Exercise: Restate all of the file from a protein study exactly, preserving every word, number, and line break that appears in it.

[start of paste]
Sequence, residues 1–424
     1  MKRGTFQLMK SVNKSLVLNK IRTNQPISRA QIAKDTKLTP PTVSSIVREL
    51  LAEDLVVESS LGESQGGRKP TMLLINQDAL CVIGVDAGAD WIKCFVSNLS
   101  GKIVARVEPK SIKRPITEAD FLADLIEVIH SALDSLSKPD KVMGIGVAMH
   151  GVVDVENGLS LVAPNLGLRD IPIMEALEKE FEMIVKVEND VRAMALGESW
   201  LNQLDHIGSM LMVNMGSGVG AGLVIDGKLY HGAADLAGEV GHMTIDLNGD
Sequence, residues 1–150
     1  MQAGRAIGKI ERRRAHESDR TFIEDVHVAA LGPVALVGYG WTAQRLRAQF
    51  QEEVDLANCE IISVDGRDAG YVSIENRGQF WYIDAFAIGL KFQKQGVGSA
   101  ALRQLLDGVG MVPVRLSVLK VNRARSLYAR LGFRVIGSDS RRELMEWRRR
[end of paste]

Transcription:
Sequence, residues 1–424
     1  MKRGTFQLMK SVNKSLVLNK IRTNQPISRA QIAKDTKLTP PTVSSIVREL
    51  LAEDLVVESS LGESQGGRKP TMLLINQDAL CVIGVDAGAD WIKCFVSNLS
   101  GKIVARVEPK SIKRPITEAD FLADLIEVIH SALDSLSKPD KVMGIGVAMH
   151  GVVDVENGLS LVAPNLGLRD IPIMEALEKE FEMIVKVEND VRAMALGESW
   201  LNQLDHIGSM LMVNMGSGVG AGLVIDGKLY HGAADLAGEV GHMTIDLNGD
Sequence, residues 1–150
     1  MQAGRAIGKI ERRRAHESDR TFIEDVHVAA LGPVALVGYG WTAQRLRAQF
    51  QEEVDLANCE IISVDGRDAG YVSIENRGQF WYIDAFAIGL KFQKQGVGSA
   101  ALRQLLDGVG MVPVRLSVLK VNRARSLYAR LGFRVIGSDS RRELMEWRRR